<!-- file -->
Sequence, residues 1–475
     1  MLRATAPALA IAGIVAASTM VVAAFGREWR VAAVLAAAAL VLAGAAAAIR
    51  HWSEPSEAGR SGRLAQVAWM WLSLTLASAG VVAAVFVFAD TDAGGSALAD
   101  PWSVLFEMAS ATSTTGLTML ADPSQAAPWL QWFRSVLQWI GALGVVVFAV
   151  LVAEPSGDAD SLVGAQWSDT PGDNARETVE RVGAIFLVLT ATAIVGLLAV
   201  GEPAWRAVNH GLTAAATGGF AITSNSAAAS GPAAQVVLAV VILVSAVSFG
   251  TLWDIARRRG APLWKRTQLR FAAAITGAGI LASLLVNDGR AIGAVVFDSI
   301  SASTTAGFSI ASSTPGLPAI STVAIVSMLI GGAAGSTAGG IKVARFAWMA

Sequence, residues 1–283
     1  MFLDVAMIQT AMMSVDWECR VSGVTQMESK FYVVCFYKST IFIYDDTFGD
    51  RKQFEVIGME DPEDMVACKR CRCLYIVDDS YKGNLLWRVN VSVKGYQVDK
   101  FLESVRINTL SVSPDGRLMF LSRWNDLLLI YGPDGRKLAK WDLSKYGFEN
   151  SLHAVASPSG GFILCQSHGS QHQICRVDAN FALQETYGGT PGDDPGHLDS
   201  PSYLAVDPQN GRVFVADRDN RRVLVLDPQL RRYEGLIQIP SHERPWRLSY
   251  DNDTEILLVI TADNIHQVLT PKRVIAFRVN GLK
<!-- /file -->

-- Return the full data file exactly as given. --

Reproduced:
Sequence, residues 1–475
     1  MLRATAPALA IAGIVAASTM VVAAFGREWR VAAVLAAAAL VLAGAAAAIR
    51  HWSEPSEAGR SGRLAQVAWM WLSLTLASAG VVAAVFVFAD TDAGGSALAD
   101  PWSVLFEMAS ATSTTGLTML ADPSQAAPWL QWFRSVLQWI GALGVVVFAV
   151  LVAEPSGDAD SLVGAQWSDT PGDNARETVE RVGAIFLVLT ATAIVGLLAV
   201  GEPAWRAVNH GLTAAATGGF AITSNSAAAS GPAAQVVLAV VILVSAVSFG
   251  TLWDIARRRG APLWKRTQLR FAAAITGAGI LASLLVNDGR AIGAVVFDSI
   301  SASTTAGFSI ASSTPGLPAI STVAIVSMLI GGAAGSTAGG IKVARFAWMA

Sequence, residues 1–283
     1  MFLDVAMIQT AMMSVDWECR VSGVTQMESK FYVVCFYKST IFIYDDTFGD
    51  RKQFEVIGME DPEDMVACKR CRCLYIVDDS YKGNLLWRVN VSVKGYQVDK
   101  FLESVRINTL SVSPDGRLMF LSRWNDLLLI YGPDGRKLAK WDLSKYGFEN
   151  SLHAVASPSG GFILCQSHGS QHQICRVDAN FALQETYGGT PGDDPGHLDS
   201  PSYLAVDPQN GRVFVADRDN RRVLVLDPQL RRYEGLIQIP SHERPWRLSY
   251  DNDTEILLVI TADNIHQVLT PKRVIAFRVN GLK